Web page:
1. I really enjoyed reading this. It made me laugh and it made me think and it boosted my own confidence to use technology. Plus I learned lots of practical tips about how to deal with band width problems. This is Sandra Rennie here. I logged into the is using my wordpress account so you will noticed the picture is of me on a more chilled out mood.

  2. However did we manage when we only had the dog & bone, the postage stamp and a folder we took in our brief case to meetings we went to on the bus!! Wasn’t that real work?!

  3. From Ann again…
    could see you and could hear you separately via the telephone this morning – but no sound from my end and could not use the webinar controls to type you messages!!! Never had that one before but then never attended a webinar (rather than a meeting).
    Liked the story and the useful tips about broadband width and freezing frames etc. which may well apply to my connection at home.
    Thanks for giving me the impetus to try again with our IT specialists to sort out the issues on the WEA laptop so I can use this function fully…..

  4. Sandra writes…I loved you showing us your old mobile phone and then the new one. It made me laugh. David’s tips about having a play with the technology first and having 2 computers in the room – Really helpful. Liked the tip about shutting off the video and not waving so that the computer isn’t overworked. Every time I use this technology I get more confident . I can see this applies to others too. First time is very scary. Its good to hear others say the same sort of thing. Thank you

  5. From Beatrice…Loved your post, almost felt as if I was there myself. I have been training all day, standardisation by video conferencing, just microphone and speakers, no video thankfully, but know the feeling of wondering if everything is going to work on the day. (There was even a button to click to put your hand up if you wanted to speak) shades of school.

  6. King of Yammer, I salute you! I loved reading about your GoTo adventures. Tech is seen as something which is slick and timesaving and it can be, but it can also be as clumsy as any other new skill. Whereas we might persevere with a new sport or hobby until we master it, I do think that where we’ve not had a mouse in our hands since we were toddlers, we give up really quickly with new tech – I know I do. The messages we tell ourselves are all about ‘fault’ – ours or others.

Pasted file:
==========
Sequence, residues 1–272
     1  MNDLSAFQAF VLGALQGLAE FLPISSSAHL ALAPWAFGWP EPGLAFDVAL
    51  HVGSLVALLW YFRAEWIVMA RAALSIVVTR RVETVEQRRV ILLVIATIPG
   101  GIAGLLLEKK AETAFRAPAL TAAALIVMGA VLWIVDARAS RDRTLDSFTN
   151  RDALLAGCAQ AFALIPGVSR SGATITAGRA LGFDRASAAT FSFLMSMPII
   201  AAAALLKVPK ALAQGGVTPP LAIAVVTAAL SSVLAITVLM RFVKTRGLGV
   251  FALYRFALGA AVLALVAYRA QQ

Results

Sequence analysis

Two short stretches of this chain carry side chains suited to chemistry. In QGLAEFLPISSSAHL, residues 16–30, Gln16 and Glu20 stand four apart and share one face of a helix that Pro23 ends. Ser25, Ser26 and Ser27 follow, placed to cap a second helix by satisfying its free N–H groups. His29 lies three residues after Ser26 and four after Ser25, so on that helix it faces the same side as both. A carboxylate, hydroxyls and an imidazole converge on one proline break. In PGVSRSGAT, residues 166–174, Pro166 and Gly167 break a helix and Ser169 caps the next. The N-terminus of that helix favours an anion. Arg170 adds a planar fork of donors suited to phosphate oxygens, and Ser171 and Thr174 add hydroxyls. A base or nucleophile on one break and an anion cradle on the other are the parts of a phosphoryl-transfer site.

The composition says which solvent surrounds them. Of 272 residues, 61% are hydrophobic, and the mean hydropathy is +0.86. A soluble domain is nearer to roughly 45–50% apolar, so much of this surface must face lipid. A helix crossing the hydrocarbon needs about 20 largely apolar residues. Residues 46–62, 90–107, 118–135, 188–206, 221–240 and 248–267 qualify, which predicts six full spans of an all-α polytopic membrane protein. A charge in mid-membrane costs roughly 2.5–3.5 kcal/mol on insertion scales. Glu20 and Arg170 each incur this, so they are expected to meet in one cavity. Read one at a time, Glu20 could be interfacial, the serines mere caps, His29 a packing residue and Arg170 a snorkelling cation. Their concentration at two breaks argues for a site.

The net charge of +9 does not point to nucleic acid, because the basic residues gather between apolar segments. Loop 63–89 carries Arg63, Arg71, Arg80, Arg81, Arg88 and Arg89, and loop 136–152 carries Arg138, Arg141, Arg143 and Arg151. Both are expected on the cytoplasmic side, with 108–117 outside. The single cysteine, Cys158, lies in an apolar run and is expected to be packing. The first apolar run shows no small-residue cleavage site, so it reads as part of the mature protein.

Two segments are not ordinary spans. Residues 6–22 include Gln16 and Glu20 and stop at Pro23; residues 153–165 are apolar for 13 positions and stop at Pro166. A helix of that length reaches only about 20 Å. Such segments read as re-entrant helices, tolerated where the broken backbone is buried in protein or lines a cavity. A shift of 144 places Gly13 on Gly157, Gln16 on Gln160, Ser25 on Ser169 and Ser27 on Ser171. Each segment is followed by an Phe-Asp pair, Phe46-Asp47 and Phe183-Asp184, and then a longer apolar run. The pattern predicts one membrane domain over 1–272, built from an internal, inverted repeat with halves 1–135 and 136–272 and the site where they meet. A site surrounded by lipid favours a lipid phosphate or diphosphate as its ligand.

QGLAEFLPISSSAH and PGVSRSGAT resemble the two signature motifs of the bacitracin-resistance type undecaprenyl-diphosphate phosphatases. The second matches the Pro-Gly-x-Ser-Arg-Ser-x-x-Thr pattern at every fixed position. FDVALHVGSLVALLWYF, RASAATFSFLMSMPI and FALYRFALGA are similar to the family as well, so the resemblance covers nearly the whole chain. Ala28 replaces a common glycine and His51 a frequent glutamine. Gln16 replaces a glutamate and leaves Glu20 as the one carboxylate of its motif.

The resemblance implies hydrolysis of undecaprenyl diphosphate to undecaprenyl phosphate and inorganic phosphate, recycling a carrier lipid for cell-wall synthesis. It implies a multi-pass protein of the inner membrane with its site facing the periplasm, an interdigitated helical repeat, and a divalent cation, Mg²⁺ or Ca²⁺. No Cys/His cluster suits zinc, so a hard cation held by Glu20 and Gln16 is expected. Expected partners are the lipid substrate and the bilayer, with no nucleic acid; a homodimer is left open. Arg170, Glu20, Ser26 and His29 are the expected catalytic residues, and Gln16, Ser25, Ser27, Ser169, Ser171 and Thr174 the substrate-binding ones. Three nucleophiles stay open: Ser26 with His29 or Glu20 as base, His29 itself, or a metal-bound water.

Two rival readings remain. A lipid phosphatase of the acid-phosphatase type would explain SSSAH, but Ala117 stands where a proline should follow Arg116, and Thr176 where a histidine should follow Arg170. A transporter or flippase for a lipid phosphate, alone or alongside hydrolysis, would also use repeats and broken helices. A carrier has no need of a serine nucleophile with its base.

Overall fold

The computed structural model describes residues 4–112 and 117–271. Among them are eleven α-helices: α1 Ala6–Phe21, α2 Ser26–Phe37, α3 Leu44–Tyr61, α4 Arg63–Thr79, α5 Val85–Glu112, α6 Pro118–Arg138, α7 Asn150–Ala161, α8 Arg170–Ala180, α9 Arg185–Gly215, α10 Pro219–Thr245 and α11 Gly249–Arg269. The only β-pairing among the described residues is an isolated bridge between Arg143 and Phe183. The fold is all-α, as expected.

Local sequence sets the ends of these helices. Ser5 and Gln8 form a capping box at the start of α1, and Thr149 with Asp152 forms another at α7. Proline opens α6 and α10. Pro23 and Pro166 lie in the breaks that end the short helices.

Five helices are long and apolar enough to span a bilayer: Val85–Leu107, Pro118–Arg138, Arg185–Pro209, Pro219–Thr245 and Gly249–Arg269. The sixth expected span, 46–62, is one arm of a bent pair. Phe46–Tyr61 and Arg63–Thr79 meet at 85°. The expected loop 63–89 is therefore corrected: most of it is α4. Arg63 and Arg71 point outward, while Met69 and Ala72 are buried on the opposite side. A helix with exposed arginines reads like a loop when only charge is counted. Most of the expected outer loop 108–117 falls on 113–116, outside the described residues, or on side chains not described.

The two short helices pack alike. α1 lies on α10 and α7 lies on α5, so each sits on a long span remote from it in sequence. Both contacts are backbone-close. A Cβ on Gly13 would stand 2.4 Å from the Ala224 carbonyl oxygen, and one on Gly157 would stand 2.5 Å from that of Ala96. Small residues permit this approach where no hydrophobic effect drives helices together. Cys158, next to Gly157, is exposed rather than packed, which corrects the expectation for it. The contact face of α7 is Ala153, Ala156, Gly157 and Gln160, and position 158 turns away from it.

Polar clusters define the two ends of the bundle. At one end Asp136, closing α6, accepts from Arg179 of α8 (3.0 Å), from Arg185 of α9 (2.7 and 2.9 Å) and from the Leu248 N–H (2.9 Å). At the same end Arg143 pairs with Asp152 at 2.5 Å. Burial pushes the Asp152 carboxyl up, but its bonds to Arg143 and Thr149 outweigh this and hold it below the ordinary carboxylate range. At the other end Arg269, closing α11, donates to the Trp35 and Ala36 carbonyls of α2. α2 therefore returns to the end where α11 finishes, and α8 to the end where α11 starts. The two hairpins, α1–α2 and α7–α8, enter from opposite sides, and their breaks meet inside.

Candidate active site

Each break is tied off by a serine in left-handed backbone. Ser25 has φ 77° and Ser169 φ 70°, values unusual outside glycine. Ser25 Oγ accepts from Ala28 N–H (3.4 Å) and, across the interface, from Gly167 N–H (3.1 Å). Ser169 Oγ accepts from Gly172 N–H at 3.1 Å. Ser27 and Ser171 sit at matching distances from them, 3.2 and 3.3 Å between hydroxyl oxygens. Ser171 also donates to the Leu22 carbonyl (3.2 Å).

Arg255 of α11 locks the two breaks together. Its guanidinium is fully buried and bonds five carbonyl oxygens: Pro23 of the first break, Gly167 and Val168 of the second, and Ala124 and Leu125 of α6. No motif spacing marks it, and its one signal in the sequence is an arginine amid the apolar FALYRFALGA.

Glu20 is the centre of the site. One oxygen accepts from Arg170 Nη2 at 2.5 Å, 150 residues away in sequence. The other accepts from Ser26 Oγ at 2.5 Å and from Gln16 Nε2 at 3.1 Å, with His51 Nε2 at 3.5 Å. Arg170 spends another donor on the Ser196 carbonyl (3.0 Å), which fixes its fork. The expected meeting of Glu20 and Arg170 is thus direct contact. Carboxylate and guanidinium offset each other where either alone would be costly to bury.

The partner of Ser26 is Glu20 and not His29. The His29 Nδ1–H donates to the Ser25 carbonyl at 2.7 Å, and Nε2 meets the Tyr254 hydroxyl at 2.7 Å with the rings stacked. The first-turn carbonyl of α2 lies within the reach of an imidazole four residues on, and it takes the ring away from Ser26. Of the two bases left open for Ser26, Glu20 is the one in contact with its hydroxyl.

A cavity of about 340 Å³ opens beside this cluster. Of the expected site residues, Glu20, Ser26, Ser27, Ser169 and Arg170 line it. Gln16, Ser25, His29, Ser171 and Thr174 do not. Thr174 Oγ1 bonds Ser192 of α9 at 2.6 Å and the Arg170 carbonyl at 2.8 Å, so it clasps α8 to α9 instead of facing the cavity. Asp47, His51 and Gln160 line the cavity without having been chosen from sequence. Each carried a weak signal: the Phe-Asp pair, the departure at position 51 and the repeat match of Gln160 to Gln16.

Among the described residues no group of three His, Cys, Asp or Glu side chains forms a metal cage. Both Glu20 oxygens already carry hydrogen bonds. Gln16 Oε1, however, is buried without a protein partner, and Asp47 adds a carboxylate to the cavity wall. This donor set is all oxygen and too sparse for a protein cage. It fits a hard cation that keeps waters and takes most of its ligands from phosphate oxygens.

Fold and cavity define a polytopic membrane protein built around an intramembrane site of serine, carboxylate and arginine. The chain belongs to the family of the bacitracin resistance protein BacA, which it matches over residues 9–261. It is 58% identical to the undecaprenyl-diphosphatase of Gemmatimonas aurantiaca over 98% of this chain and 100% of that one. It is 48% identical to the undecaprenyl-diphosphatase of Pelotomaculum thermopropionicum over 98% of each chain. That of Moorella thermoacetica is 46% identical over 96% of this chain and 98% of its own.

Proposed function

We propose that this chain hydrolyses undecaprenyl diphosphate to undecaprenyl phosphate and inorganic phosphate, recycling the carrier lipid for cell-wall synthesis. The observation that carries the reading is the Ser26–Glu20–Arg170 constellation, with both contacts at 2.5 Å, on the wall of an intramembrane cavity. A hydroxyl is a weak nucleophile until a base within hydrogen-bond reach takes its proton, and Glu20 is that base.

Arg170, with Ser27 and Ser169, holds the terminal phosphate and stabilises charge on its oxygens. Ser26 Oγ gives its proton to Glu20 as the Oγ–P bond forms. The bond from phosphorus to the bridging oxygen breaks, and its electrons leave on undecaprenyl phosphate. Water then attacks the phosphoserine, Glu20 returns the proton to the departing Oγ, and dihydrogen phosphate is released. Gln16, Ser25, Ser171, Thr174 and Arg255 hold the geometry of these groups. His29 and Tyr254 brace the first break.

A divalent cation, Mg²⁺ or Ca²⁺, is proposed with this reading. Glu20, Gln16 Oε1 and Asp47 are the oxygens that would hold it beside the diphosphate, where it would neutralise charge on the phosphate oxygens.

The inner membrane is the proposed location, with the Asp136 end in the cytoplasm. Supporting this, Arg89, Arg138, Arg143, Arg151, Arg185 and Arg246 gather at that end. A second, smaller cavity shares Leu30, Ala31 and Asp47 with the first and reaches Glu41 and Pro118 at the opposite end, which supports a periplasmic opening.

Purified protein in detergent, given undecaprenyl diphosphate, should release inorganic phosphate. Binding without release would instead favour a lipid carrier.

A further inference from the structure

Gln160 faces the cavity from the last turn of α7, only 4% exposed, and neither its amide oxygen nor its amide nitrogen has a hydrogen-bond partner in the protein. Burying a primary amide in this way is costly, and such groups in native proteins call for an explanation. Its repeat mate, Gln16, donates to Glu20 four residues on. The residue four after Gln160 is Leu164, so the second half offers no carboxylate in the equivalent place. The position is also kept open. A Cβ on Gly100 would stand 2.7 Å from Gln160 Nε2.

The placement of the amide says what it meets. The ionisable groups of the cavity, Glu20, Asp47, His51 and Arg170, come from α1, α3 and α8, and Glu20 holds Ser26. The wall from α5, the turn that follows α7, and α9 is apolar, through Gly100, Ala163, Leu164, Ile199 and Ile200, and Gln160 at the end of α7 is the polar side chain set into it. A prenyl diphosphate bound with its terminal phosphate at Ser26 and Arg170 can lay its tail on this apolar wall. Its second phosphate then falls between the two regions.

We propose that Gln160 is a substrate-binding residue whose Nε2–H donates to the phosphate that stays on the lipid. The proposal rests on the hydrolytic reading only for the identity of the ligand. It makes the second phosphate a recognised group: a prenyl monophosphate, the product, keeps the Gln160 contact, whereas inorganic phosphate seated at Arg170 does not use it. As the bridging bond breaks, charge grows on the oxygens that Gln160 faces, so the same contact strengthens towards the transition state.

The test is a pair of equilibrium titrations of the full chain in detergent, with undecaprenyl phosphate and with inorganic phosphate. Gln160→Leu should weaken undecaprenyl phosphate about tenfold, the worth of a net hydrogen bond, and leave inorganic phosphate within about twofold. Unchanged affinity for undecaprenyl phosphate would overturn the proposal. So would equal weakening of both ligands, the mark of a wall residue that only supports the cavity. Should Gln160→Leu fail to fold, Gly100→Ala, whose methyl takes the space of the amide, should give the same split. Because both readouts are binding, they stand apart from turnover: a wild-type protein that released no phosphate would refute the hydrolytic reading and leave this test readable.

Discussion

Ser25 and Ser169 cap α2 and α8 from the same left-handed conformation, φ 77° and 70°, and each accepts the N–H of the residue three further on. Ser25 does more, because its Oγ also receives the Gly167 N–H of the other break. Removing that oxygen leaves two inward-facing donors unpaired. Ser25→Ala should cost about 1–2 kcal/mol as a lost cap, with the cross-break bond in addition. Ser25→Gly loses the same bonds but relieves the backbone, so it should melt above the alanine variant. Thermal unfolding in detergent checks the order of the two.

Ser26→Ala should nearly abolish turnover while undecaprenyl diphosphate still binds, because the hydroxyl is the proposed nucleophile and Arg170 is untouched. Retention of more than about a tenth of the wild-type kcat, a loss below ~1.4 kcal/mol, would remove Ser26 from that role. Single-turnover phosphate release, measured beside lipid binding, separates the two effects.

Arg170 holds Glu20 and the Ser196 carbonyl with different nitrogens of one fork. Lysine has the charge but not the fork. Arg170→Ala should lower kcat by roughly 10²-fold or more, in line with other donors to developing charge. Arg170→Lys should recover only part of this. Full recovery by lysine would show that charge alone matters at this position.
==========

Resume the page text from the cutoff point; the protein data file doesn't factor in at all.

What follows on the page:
In the last few days, I’ve been trying to get eight students logged on and using a Google e-portfolio as part of a unit they are doing with the University. I’m on holiday so trying to do it all remotely but truth is that what they have to do is follow to the letter a set of instructions that the University have sent them and they are in. From experience (and having discussed this with my endlessly patient colleagues in Northern College’s library), only about 1% of login problems are caused by something technical being set up wrong – the rest are panicky users (like me and you). Out of the eight, two have managed it without help. What’s going on? I think it’s fear. Like suddenly the stabilisers have been removed without warning.

    When this happens, I don’t know what to do, except repeat the instructions that have already been given – how can that help? Because it’s a confidence issue, what the student often wants is to have someone sit down next to them and do it for them, then watch as they do it. That grows confidence, sure, but in an increasingly digital world it’s not always possible (and it wasn’t possible yesterday when I was in TKMaxx).

    Your blog I hope will be a great resource to show people who think they can’t do it. The message is that we can’t either, but we were lucky enough to be learning in an environment when it was OK to say that, and get the help we needed. I still feel anxious about the thought of doing a GoTo meeting, but I feel proud too, and a bit ‘bring it on’ because I know I can do it, because I have. Thank you Bernie.

    The Queen of GoTo x